You are right about Barrow's. I feel very fortunate. Right now, I'm in the review stage of being approved for Long Term. I worked for a local police department for 10 years in their police hiring unit. Unfortunately, part time was not an option & because of the job, I couldn't call in last minute & take the day off. After too many "off days" ( falling asleep on the way to work or in the middle of training, work. Having tremors when Im fingerprinting an applicant or just crying in the file room). Or when we would have testing , I needed to be there at my assigned position whether I was able or not. As you know, this alone can be a stressor which causes more symptoms; vicious cycle. I can understand the whole "policy & procedure of the Disability claim. It's frustrating to say the least! I feel for your husband. Because he wanted to work several days a week, it seems he's being punished for that! Makes no sense, but I've come to realize that the "process" makes no sense. The last time I spoke to someone with the company handling my Long Term claim, I was so depressed after having to explain over & over that PD is a progressive disease & you don't know when you're gonna have a " good" day or not. Just talking about it all day over & over was about enough to send me over the edge & believe me, I'm a very positive " glass half full" kinda gal! So bad that my sweet hubby came home & gently took my phone from me & dealt with everything else between my dr and Long ter company from there on out. Basically, ltd co was having an issue with me not seeing my MDS for a long period of time ( he was out of town & had to cxl my appointment). I would call the nurse if I was experiencing problems or need my mesds adjusted . LTD co. Said they needed written progress documentation from my dr office during that time period even though they already had the Attending Physian's Statement of Disability. I advised them that just because I didn't have office visit during that time period doesn't mean that the PD " went away" during that time! Posted Image I can feel for what you're going through! These companies need to be educated or get some tact when dealing with people! I'll be thinking of you & your husband. Hang in ther, but it's not easy !

#7 Golden01

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Posted 15 February 2012 - 09:55 AM

You are right about it not being easy!

My husband's company provides only a few days of sick leave (3-5), after that you go on short term disability (STD)so we started dealing with the "need for ongoing documentation" right away. I do have to say the STD company was pretty good to work with. For us, the need for more frequent appointments was solved by having my husband's internist provide the documentation about whether he could return to work or not and we saw him for monthly visits which satisfied the STD folks. My husband usually sees his Movement Disorder Specialist (MDS) quarterly. The internist has been very helpful to us including sometimes how to say things either at work or with the STD company ("my doctor says I can't return to work"). Now that my husband is moving to requesting LTD, the internist indicates we are going to need the MDS to provide more detailed information on the impact of the Parkinsons. We've been able to move up his quarterly appointment by a month and see her on Thursday to get started on the process (another patient cancelled!).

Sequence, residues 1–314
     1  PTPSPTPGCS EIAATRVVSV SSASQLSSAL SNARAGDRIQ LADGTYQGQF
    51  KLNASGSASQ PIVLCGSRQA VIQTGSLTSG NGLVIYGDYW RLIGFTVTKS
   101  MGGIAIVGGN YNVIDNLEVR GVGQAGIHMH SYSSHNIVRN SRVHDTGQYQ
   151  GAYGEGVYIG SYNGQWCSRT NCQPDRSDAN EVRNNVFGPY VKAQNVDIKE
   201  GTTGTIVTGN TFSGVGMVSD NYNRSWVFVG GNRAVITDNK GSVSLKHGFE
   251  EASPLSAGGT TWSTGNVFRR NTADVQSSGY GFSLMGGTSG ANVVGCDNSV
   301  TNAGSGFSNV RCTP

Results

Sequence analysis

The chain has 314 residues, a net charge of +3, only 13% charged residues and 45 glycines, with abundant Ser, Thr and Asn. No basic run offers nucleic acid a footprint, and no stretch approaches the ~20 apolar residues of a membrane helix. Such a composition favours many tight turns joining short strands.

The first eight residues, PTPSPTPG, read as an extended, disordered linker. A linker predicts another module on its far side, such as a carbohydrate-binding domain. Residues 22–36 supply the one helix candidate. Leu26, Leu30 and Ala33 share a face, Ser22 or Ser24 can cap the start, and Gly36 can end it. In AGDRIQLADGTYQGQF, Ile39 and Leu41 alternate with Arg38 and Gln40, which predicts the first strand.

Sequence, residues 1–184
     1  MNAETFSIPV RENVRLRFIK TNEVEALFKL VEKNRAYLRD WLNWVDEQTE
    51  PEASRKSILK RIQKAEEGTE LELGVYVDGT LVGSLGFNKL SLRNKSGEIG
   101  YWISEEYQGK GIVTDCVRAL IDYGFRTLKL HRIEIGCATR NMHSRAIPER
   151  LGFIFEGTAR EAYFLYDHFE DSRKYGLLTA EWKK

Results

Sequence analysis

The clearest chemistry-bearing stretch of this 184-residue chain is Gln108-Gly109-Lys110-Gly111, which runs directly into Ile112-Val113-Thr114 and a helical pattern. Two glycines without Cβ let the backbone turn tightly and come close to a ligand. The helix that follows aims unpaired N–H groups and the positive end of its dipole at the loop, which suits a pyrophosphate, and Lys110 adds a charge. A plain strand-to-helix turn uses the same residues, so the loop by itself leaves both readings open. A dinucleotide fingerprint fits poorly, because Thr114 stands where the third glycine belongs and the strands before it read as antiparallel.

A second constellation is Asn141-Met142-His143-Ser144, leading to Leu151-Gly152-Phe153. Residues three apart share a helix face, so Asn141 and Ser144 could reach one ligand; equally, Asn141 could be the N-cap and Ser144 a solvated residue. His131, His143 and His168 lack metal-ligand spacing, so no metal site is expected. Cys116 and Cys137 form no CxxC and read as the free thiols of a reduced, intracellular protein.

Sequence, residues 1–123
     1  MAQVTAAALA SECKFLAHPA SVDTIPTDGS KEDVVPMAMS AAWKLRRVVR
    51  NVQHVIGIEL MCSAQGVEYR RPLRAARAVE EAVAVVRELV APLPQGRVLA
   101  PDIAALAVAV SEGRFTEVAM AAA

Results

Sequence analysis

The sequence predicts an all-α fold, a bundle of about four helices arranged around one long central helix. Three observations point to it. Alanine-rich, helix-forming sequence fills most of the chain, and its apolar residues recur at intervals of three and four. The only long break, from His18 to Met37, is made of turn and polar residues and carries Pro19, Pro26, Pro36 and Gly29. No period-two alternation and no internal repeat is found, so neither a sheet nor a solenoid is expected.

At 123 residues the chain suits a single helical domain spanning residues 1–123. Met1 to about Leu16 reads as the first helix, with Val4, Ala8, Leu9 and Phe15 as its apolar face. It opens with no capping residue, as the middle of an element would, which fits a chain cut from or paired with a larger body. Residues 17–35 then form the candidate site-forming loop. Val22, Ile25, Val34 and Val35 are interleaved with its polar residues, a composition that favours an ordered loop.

Interestingly, the internist had never seen my husband's symptoms at their worse (how they are when he works, even just three days). At the last appointment, he did. The doctor immediately turned the discussion to what might be needed when applying for LTD. This is hard.

#8 Golden01

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Posted 16 February 2012 - 09:57 AM

You work for a public employer so your situation may be different than my husbands (private employer with massive layoffs over the past few years). Here's something we learned along the way that may be a question for your LTD company: